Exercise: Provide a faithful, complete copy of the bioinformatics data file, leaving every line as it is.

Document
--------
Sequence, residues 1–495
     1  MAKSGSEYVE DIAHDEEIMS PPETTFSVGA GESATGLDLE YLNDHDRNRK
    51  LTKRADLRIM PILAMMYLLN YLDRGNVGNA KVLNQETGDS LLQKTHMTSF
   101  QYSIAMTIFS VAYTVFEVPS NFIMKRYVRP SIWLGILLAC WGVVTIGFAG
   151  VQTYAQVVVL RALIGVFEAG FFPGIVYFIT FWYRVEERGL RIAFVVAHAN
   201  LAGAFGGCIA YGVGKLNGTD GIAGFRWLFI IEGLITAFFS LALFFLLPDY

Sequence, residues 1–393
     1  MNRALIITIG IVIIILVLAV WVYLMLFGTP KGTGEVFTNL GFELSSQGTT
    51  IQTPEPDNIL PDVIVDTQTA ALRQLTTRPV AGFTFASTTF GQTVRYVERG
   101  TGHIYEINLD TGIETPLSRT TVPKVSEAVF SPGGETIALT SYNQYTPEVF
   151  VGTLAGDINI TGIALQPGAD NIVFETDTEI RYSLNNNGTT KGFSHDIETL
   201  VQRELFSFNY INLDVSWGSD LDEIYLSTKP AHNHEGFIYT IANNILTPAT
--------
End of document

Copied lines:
Sequence, residues 1–495
     1  MAKSGSEYVE DIAHDEEIMS PPETTFSVGA GESATGLDLE YLNDHDRNRK
    51  LTKRADLRIM PILAMMYLLN YLDRGNVGNA KVLNQETGDS LLQKTHMTSF
   101  QYSIAMTIFS VAYTVFEVPS NFIMKRYVRP SIWLGILLAC WGVVTIGFAG
   151  VQTYAQVVVL RALIGVFEAG FFPGIVYFIT FWYRVEERGL RIAFVVAHAN
   201  LAGAFGGCIA YGVGKLNGTD GIAGFRWLFI IEGLITAFFS LALFFLLPDY

Sequence, residues 1–393
     1  MNRALIITIG IVIIILVLAV WVYLMLFGTP KGTGEVFTNL GFELSSQGTT
    51  IQTPEPDNIL PDVIVDTQTA ALRQLTTRPV AGFTFASTTF GQTVRYVERG
   101  TGHIYEINLD TGIETPLSRT TVPKVSEAVF SPGGETIALT SYNQYTPEVF
   151  VGTLAGDINI TGIALQPGAD NIVFETDTEI RYSLNNNGTT KGFSHDIETL
   201  VQRELFSFNY INLDVSWGSD LDEIYLSTKP AHNHEGFIYT IANNILTPAT